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Japan maintains its position as one of the Philippines’ strongest trade partner despite the strong government alliances being built with China. To date, Japanese investment is pegged at $1.24 billion, aiming to produce 16,000 jobs in multiple industries.
Several Japanese firms pledged to invest in the country’s manufacturing, agriculture, retail, real estate, automotive, and education sectors. The influx of foreign investment is indicative of strong economic stability of the Philippines as it continues to foster a healthy business environment.
Here are the listed projects currently registered to the Department of Trade and Industry:
Name of Company
|Funding (in USD)
|Mitsui Ok Lines
|Magsaysay Maritime Academy
(Subsidiary of Itochu Corporation’s subsidiary)
|Waste-to-Energy Project / Biogas
Large scale poultry farm
Sumitomo Wiring Systems
The Department of Finance also mentions that the Japanese Chamber of Commerce and Industry (JCCI) is one of the 13 major business groups supporting to reduce the corporate income tax and rationalize fiscal incentives in the Philippines. In the letter addressed to President Rodrigo Duterte last July 8, they are also pushing for the improvement of property and valuation system and the implementation of the new excise tax scheme.
Investing in real estate, infrastructure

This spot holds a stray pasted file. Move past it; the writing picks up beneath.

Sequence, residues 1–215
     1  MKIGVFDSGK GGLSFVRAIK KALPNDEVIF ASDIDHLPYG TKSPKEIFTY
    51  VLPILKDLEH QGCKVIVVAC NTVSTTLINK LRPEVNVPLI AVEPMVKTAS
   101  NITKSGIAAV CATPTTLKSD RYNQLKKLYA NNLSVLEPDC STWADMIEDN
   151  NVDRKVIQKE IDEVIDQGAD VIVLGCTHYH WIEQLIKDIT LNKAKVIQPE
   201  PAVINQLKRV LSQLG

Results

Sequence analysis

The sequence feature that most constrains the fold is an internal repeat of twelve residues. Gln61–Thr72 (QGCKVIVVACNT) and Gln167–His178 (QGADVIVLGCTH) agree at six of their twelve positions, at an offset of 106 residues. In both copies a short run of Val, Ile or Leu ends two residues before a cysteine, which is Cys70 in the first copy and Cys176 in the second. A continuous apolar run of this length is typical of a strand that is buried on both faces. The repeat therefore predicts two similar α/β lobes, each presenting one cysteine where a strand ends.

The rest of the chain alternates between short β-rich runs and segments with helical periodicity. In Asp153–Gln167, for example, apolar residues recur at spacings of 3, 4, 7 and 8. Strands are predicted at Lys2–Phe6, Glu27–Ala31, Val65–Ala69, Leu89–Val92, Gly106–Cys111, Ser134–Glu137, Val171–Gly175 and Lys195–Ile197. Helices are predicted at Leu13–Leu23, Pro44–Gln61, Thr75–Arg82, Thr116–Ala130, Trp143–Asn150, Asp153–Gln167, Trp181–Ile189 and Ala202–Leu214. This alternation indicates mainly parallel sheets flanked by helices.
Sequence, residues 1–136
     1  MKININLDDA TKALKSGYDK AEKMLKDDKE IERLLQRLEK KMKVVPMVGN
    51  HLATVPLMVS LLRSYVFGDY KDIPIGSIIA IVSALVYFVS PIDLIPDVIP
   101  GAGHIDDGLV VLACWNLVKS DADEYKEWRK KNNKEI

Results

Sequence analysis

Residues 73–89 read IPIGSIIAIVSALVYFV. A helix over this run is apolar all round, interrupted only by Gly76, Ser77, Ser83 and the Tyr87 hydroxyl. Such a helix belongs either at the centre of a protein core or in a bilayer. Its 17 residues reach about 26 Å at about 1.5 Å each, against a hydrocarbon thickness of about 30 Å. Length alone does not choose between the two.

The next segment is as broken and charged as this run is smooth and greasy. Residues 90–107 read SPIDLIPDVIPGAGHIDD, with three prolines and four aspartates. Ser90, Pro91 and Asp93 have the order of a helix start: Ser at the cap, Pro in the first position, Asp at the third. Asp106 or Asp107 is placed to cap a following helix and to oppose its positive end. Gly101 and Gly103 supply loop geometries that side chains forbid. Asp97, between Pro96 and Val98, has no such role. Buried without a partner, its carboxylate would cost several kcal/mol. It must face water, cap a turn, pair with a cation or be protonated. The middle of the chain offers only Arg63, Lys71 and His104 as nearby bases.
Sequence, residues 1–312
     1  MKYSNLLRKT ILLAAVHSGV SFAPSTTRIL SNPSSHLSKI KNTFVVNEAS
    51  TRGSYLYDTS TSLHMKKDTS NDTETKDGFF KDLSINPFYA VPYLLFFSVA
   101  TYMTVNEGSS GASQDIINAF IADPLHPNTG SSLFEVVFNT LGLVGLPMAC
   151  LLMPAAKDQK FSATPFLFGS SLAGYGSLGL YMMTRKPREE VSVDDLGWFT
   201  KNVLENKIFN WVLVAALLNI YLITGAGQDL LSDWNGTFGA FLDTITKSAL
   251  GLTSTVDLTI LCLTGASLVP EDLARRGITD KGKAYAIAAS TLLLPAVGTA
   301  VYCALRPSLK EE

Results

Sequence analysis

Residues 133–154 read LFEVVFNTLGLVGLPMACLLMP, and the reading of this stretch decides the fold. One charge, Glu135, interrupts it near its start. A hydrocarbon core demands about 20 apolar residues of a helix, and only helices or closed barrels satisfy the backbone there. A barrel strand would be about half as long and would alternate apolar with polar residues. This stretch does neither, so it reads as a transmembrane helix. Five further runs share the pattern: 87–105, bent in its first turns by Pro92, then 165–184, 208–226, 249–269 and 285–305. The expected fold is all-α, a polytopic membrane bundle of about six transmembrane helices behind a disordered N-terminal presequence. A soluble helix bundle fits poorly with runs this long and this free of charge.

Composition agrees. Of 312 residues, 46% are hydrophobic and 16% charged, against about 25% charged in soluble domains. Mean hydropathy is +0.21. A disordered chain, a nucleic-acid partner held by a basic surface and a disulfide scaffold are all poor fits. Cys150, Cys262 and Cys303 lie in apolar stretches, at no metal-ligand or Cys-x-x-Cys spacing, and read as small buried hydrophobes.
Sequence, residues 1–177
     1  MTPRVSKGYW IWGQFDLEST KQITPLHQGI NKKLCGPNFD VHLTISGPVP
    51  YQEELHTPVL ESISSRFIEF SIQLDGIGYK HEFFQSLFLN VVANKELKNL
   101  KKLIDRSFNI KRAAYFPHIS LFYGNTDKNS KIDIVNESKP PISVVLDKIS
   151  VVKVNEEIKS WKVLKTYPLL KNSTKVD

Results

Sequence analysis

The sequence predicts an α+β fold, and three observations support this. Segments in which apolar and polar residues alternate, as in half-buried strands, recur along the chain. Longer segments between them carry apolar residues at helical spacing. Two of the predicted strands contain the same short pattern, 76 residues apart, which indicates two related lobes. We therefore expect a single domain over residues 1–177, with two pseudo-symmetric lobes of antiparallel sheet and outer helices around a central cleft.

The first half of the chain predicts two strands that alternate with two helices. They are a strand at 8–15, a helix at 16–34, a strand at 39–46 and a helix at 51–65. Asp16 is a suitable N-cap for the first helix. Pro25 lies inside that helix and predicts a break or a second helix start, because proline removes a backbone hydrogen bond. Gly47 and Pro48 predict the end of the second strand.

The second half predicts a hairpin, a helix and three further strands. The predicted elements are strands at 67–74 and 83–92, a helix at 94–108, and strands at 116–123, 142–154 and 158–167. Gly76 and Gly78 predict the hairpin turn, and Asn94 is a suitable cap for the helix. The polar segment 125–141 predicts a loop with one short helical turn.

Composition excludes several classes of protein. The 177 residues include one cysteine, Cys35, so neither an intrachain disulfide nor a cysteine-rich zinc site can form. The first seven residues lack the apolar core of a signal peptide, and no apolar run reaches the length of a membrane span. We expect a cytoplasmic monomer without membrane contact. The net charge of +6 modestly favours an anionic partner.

Japan also maintains its stronghold over specific industries such as real estate and infrastructure. More firms are locating in key next wave cities in the Philippines such as Terumo that located its facility in Laguna Technopark.
Namura’s real estate arm is also looking to develop malls with popular department store chain, Isetan Mitsukoshi. It is also aiming to develop 1400 housing units and 30,00 retail spaces in the country.
Apart from its interest in real estate, Japan is also the leading investor in six economies in the Southeast Asian region, pegged at $367 billion. The Philippines is the third country with the highest Japanese-partnered infrastructure next to Vietnam and Indonesia.
According to KMC Research, the proliferation of Japanese investment is not without precedent. Many of its manufacturing firms have chosen to locate its operation in the Philippines almost at the same time the country broke ground to more industrial zones. This also shaped up together with the government’s own recovery plan, specifically through the Special Economic Zone Act of 1995 and privatization of public utilities.